The Tories have no answers to the problems facing British society
On Tuesday, Philip Hammond released the Spring Budget Statement to Parliament. It is only the second in this format of a minor statement without press now the main Budget is presented in the Autumn, ostensibly to give working families a better chance to plan for whatever tweaks the Conservatives dream up. It is not a thrill-packed 25 minutes even by the standards of Conservative finance, despite Hammond’s claim to be feeling ‘Tigger-like’ in the face of John McDonnell’s Eeyore. He used this stale joke to criticise Labour for talking down the British public when we should really be feeling positive. A feeble disingenuity when we know that it is his administration that Labour have been attacking in favour of solidarity with the wider public.
One of his flagship points is that the OBR (Office for Budget Responsibility) have predicted a growth figure of 1.5% for 2018, up from the previous prediction of 1.4%, so that’s us told. To present this as a reason to be cheerful shows that the Chancellor and Tory administration continue to be woefully out of touch with the lived realities and concerns of most people. Can we really expect that this meagre prediction (not even a statistic at this point) and ones like it will result in a meaningful change in the conditions that have produced incredible levels of inequality and poverty in the UK? In addition, he crows that the debt as a percentage of the GDP will fall to 85.5% in 2018/19, after claiming that ‘forecasts are there to be beaten.’ This is all very well but this same yardstick was measured at 57.1% when the Conservatives took office. This makes Hammond’s attempt to smear Corbyn and McDonnell for their massive borrowing plans seem a little hollow, despite his demand to ‘judge me by my record’.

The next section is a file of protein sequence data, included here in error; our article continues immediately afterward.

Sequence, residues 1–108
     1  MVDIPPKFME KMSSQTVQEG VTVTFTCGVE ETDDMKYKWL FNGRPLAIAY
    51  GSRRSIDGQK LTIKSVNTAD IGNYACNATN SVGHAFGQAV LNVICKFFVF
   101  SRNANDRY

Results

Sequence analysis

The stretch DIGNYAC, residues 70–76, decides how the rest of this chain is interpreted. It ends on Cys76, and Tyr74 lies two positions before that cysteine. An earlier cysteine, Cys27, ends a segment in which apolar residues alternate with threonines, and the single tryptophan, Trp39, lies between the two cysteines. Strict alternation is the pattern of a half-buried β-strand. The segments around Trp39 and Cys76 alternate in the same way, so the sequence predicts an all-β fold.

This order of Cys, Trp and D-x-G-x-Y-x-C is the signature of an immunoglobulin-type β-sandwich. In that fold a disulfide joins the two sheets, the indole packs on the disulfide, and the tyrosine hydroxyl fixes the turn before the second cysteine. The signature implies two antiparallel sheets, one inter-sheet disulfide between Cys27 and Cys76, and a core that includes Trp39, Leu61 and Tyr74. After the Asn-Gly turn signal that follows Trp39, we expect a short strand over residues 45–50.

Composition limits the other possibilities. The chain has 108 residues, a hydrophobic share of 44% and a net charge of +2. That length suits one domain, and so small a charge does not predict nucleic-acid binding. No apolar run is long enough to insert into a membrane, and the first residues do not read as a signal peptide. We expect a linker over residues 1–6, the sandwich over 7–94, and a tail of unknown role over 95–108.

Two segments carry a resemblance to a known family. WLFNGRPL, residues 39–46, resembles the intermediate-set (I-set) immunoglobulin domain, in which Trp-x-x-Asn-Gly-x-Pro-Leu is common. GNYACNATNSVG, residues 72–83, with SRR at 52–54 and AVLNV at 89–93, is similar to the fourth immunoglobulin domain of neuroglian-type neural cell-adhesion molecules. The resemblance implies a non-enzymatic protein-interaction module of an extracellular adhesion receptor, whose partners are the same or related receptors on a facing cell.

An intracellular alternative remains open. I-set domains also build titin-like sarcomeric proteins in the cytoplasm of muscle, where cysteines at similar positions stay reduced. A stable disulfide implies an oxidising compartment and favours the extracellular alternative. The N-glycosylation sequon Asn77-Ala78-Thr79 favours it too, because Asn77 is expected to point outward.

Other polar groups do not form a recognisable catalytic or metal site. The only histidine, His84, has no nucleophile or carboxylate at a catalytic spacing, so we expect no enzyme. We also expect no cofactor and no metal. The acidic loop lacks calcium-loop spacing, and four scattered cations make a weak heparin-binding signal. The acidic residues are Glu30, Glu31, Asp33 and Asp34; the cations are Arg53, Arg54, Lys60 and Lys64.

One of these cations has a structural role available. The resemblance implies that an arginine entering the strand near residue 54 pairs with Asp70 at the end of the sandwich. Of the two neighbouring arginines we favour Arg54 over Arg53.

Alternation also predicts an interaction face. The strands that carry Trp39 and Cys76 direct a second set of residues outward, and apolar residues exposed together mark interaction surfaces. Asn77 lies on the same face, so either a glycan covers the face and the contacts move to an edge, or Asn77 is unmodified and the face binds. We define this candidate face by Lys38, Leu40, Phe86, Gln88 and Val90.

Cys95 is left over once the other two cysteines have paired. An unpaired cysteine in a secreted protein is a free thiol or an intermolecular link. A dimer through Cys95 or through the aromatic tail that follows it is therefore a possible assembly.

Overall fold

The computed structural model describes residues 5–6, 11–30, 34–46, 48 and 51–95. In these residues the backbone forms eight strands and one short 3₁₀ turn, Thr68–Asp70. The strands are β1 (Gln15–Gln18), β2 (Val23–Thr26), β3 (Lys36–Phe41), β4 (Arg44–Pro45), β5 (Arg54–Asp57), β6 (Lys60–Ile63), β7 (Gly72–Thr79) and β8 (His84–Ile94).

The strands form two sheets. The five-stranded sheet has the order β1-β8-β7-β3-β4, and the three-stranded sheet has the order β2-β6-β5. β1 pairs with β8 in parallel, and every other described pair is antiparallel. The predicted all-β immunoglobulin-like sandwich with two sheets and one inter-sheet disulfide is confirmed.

He says that Labour would be unable to deal with the inevitable financial crises of the future (feeling it more important to claim Labour was naïve for not accepting them than taking responsibility as the incumbent government for mitigating their effects). So, if we’re judging people by their record, let’s never forget that the Conservative-supervised bank bailout during the crash of 2008 was £850bn.
Perhaps his concern about financial crises would lead to addressing the instability of rampant corporate capital? As it happens, no. The only flicker of passion, strangely buried in the middle of the statement, comes when he criticises Labour for their reservations about the market economy and assures listeners that the Conservatives are proudly for it. He claims that the free market ‘embraces talent and opportunity.’ Although he mocks Labour’s ‘ideological’ stances, this is explicit support of an ideology that demonstrably favours those who already have wealth and power. It is only another version of the old Conservative line that the free market provides a level playing field if only people would pull themselves up by the bootstraps and get a bit of honest work done.